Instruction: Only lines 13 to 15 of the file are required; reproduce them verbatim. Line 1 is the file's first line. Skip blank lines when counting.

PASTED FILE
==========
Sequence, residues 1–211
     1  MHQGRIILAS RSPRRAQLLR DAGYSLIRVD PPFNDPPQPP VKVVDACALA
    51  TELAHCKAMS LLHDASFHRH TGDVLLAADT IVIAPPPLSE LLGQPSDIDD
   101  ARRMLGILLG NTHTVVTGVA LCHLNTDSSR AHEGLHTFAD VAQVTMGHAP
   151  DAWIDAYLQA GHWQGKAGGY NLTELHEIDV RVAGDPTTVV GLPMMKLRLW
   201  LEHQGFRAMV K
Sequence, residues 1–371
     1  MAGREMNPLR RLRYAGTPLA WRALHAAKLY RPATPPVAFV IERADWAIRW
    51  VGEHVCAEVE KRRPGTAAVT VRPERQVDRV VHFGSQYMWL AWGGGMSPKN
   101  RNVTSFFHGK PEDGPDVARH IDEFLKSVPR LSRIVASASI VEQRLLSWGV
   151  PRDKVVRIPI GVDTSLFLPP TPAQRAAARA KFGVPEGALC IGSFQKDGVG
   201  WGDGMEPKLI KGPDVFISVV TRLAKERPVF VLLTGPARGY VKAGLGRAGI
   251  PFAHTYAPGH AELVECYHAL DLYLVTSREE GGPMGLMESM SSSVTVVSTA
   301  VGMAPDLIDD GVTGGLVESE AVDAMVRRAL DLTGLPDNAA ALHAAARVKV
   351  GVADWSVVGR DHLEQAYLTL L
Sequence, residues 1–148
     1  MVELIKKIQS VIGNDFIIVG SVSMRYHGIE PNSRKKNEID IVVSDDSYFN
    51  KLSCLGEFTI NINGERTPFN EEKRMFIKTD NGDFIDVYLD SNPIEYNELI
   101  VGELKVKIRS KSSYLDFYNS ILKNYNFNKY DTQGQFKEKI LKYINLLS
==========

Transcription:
   251  PFAHTYAPGH AELVECYHAL DLYLVTSREE GGPMGLMESM SSSVTVVSTA
   301  VGMAPDLIDD GVTGGLVESE AVDAMVRRAL DLTGLPDNAA ALHAAARVKV
   351  GVADWSVVGR DHLEQAYLTL L